It was April, springtime and the mountain forest was dotted with the delicate little purple flowers of the redbud. I fell in love with those trees, and I am happy that redbuds are prolific here in Missouri as well.
We experienced several challenges in the year-and-a-half we were at Sam’s place, but most of our time at the 250-acre farm was fun and productive.
I gardened and canned. We had some chickens, then lost them all due to some new chicks with coccidiosis. Learned a hard lesson about keeping new livestock separate from the established flock. Raised up and butchered a little goat our Hippie friends had gifted us. My job was going well. I joined the open heart team in the operating room, and got to see some awesome surgeries. Lots of heart, lung, and kidney transplants. The rest of my family wasn’t able to work, because there were simply no jobs nearby. It really wasn’t worth the gas money and wear and tear on the vehicle for a part time, minimum wage job.
So there we were, on this big 250-acre farm with a barn and fencing, in horse country. I might mention here that Mike has next-level negotiating skills, which have truly served us well over the years. Stanton, at the base of Furnace Mountain, was a tiny town: Grocery store, gas stations, a few small businesses. They also had a horse farm that bred and trained high-quality Rocky Mountain Horses.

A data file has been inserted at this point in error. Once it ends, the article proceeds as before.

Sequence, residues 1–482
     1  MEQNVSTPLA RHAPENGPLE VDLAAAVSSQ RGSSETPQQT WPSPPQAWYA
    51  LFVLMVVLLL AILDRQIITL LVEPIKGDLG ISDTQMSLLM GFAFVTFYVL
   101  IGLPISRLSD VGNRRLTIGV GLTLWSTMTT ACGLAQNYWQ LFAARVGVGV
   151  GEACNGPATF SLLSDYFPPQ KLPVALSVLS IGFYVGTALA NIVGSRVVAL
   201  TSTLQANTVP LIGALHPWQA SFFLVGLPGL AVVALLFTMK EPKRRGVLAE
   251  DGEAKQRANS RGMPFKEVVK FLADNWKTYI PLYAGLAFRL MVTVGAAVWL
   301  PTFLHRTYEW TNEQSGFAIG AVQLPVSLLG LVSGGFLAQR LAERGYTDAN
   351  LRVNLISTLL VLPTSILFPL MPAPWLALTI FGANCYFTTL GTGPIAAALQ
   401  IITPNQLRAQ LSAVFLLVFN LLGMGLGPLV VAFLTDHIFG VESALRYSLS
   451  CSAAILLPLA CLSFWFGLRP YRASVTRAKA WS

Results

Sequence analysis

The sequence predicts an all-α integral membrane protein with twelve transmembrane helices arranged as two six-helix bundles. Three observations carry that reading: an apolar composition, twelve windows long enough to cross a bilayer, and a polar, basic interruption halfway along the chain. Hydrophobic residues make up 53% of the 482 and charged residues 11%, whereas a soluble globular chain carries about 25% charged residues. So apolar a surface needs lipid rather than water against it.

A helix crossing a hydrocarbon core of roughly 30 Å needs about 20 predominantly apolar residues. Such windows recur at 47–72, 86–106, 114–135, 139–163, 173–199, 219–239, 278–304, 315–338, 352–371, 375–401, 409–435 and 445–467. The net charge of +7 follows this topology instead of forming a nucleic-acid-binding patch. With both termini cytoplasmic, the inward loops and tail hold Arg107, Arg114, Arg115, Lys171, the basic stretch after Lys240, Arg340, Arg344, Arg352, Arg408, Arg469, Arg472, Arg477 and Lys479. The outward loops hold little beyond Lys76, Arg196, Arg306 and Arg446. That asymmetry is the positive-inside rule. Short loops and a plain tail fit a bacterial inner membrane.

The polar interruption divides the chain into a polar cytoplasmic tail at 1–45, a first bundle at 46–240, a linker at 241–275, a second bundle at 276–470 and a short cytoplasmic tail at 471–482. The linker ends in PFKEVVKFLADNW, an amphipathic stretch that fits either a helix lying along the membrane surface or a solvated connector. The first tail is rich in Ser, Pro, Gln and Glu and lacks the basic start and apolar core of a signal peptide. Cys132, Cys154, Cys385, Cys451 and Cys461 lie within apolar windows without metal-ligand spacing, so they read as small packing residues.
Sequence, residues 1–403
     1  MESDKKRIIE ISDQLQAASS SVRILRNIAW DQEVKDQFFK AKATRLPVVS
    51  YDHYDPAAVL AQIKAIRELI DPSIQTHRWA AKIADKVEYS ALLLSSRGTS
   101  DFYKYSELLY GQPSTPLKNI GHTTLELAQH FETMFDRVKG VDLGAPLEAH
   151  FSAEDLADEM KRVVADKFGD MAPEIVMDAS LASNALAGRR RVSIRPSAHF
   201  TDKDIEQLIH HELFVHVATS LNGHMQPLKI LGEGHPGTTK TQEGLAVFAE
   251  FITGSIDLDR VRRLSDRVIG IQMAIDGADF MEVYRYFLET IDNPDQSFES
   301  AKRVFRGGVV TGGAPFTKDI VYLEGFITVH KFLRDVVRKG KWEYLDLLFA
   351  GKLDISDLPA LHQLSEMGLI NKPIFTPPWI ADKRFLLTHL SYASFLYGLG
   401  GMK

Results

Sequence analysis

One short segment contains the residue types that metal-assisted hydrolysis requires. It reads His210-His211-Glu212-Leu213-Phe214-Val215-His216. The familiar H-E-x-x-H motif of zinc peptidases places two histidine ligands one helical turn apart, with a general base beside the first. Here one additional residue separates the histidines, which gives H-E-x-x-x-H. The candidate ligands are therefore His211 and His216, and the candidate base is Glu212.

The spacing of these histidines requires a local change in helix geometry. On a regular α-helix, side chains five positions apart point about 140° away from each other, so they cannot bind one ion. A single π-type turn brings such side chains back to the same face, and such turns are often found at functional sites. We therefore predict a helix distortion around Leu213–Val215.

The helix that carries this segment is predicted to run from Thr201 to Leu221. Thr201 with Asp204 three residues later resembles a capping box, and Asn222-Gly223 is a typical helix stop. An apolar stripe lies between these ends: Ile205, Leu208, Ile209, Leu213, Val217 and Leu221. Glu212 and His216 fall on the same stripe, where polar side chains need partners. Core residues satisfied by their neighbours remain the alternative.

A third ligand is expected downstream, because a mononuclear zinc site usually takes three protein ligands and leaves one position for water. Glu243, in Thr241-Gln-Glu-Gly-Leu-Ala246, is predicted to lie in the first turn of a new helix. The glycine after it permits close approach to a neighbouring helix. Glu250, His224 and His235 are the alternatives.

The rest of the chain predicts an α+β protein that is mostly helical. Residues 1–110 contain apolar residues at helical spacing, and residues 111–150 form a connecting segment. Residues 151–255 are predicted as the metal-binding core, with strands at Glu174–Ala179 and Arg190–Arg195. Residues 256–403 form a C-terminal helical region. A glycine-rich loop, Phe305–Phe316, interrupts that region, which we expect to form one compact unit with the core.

So Mike went down to talk to the owner, and convinced him to let Mike and Justin take care of the grounds in exchange for horses at the end of the summer.
So for several months, Mike and Justin weed-wacked fence lines. Fence Lines covered in poison ivy. They spent the whole summer in misery and blisters.
Then one day I came home from work and there in the small fenced enclosure by the house were three lovely ladies: Cadillac, Cheeka, and Chill. Cadillac was a beautiful Palomino, with a smooth ride and lovely, patient disposition. Cheeka was a feisty, big Rocky Mountain horse with an attitude and an affinity for nipping. Chill was chill. She was a sweet, calm old mare at the end of her career.
We enjoyed riding those horses around the 250 acres, and spent a lot of time that summer exploring the property. That winter, we noticed that Chill was tiring easily and not her normal, happy self. We figured it would probably be her last winter, as she was pretty old. Our prediction about that turned out to be correct, but that wasn’t the reason for her lethargy.
One snowy night as I came home from work, my sons told me to stay in the car and they took me over to the barn. They said something was wrong with Chill. Of course, I was expecting the worst. We pulled up to the barn in the dark, and who should trot over to the fence but Chill, with her adorable little colt Chillin’ traipsing behind her! He was the sweetest little chestnut color. Apparently, some unauthorized shenanigans had taken place at the horse farm before Chill came to us! We sure enjoyed watching that little guy grow up.